Trails for everyone, forever

Home News Blog Hiking and Camping Tips for Memorial Day Weekend

Hiking and Camping Tips for Memorial Day Weekend

Posted by Loren Drummond and Waverley Woodley at May 21, 2015 11:30 AM |
Filed under:

Are you getting outside this Memorial Day weekend? Whether you've had your plans for weeks or are thinking a spontaneous camping trip is just the ticket, Washington Trails Association can help. Below are a few tips for staying safe and ideas of where to hike, backpack and camp.

Are you getting outside this Memorial Day weekend? Whether you've had your plans for weeks or are thinking a spontaneous camping trip is just the ticket, Washington Trails Association can help. Below are a few tips for staying safe and ideas of where to hike, backpack and camp.

Weather and spring safety tips

Check the weather. Then recheck it.

  • Depending on where you're headed, weekend forecasts call for relatively warm weather, with a mix of rain showers, partly cloudy skies, and a slight chance of thunderstorms. Make sure to check the National Weather Service website to prepare for whatever conditions you might encounter.
  • If you can't stand the idea of (another) Memorial Day in wet weather, seek warmth east of the Cascades, where showers are less likely and temperatures are likely to reach the mid 70's.

Check conditions and consult a ranger

  • Snow in the high country. While this year is a low-snow year, snow is still the name of the game in parts of the high country, and hikers can easily encounter slick and dangerous conditions on snowy slopes and from overhanging cornices.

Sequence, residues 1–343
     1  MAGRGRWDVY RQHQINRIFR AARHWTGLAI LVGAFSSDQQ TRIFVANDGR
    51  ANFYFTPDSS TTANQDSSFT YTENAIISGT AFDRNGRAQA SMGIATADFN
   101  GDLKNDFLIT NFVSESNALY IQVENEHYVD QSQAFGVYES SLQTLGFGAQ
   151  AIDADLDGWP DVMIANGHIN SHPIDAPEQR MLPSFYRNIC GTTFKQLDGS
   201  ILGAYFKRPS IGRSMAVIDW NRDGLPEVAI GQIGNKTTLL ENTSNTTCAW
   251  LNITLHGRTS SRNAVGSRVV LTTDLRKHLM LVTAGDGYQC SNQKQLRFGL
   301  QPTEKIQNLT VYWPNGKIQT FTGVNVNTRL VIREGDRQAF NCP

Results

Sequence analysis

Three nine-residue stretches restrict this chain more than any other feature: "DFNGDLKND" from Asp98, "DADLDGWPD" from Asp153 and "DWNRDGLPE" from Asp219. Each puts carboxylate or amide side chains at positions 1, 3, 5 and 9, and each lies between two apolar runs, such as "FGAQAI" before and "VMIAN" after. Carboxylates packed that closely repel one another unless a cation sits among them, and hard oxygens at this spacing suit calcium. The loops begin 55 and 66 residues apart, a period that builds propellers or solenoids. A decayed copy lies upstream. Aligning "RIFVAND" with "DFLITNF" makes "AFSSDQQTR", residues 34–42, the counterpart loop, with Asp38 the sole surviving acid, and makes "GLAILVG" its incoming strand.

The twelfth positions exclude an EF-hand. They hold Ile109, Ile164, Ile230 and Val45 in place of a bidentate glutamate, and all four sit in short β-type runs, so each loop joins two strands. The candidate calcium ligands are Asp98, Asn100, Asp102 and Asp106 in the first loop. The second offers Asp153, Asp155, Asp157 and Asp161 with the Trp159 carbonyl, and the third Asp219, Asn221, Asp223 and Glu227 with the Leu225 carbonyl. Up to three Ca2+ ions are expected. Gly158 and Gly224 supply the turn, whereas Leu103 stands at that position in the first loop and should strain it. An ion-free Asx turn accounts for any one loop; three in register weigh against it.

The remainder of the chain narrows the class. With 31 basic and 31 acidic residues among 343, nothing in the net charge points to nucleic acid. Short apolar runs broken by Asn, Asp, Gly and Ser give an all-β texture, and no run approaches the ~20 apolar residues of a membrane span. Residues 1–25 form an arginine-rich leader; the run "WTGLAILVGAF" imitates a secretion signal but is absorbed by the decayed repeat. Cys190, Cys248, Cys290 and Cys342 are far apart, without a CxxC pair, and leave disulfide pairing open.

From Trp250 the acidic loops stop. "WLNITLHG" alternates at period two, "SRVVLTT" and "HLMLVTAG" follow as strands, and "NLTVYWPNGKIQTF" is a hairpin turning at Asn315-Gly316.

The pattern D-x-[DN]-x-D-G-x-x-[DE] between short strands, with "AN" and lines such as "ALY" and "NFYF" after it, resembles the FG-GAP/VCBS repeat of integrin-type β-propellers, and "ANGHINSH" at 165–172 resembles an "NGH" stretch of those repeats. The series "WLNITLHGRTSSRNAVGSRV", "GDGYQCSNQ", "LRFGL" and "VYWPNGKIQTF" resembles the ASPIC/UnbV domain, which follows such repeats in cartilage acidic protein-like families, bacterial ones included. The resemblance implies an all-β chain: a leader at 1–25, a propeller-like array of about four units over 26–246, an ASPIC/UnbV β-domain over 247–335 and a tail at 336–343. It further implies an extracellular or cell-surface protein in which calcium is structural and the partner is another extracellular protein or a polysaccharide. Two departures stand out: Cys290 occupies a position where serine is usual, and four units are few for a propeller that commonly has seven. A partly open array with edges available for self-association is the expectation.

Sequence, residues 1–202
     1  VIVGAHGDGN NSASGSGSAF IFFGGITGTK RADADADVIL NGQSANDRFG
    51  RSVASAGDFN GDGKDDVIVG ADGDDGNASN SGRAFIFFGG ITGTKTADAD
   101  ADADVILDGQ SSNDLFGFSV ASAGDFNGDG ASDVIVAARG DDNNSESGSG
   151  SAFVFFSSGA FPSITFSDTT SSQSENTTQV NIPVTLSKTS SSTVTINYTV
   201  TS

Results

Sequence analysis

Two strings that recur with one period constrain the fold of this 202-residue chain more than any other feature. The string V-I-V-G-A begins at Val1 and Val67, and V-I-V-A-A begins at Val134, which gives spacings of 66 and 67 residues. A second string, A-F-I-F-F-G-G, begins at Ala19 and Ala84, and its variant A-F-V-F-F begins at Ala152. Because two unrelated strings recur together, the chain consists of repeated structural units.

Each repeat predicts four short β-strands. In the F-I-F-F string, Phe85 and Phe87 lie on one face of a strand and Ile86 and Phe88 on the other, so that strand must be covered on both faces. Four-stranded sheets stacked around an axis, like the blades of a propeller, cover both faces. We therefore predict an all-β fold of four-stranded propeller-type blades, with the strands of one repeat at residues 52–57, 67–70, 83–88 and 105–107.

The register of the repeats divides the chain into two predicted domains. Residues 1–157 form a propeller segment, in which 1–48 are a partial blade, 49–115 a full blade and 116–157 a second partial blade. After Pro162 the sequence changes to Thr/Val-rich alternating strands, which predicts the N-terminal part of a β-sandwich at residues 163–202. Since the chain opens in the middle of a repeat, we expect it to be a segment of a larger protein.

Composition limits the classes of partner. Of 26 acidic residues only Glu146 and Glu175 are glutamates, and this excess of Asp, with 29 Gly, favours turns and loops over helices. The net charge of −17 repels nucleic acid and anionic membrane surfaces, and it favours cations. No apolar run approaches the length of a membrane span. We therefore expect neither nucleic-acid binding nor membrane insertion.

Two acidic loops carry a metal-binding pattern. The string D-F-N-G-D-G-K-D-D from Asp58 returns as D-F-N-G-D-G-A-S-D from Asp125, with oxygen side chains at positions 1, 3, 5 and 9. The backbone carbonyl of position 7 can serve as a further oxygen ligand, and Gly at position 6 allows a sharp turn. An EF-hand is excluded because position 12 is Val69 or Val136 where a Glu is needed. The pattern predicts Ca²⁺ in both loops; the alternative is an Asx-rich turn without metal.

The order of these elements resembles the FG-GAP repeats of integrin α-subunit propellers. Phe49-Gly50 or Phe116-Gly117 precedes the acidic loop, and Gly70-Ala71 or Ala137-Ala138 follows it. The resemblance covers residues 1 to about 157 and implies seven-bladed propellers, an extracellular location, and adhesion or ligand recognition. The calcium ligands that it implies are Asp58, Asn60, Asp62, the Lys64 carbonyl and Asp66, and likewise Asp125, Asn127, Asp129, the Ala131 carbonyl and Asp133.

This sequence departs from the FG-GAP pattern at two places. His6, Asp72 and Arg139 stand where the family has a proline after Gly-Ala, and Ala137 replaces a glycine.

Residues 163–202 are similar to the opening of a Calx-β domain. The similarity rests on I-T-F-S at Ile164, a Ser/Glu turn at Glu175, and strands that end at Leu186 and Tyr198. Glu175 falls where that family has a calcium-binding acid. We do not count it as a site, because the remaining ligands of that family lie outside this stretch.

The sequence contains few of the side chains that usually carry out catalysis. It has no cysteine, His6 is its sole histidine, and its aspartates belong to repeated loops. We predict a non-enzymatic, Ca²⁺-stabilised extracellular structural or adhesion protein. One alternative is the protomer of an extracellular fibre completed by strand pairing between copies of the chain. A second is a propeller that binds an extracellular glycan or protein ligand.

• Rivers and streams running high. With temperatures warming, rivers and creeks are running at their peak levels right now. Watch your step crossing streams and fording rivers.
  • Read WTA's Spring Hiking Tips to refresh what you need to bring in your pack and how to stay safe under these conditions.
  • Always check with a ranger before heading out. Give them a call, or, even better, plan to stop by a station on your way out of town.
  • Remember that trail crews are just starting to reach backcountry trails to clear downed logs and winter debris.

Hiking and backpacking

Sunset at Cape Alava
Sunset at Cape Alava. Photo by OctopusVoodoo.

Columbia Gorge

Wildflowers still adorn the southern slopes of the Columbia River Gorge on the Washington side, making for spectacular day hiking:

Mount Rainier and Mount St Helens

  • A lot of Mount Rainier National Park is still under snow, but not the Carbon River area. A wilderness walk-in campground is open (after a 5-mile hike) at Ipsut Creek, which provides ample opportunities to explore this lovely area. For a day hike, try the trail up to Ranger Creek Falls and Green Lake.
  • One volcano down the chain, the South Coldwater Lake trail at Mount St. Helens is often one of the first places in the Monument to melt out.
  • Check out a variety of trail suggestions for hiking at Mount St. Helens.

Olympic Peninsula

If hearing the crash of ocean waves is more your style, head to the rugged Washington Coast.

North Cascades

Highway 20 is open for the season, providing hikers east-west access through the North Cascades.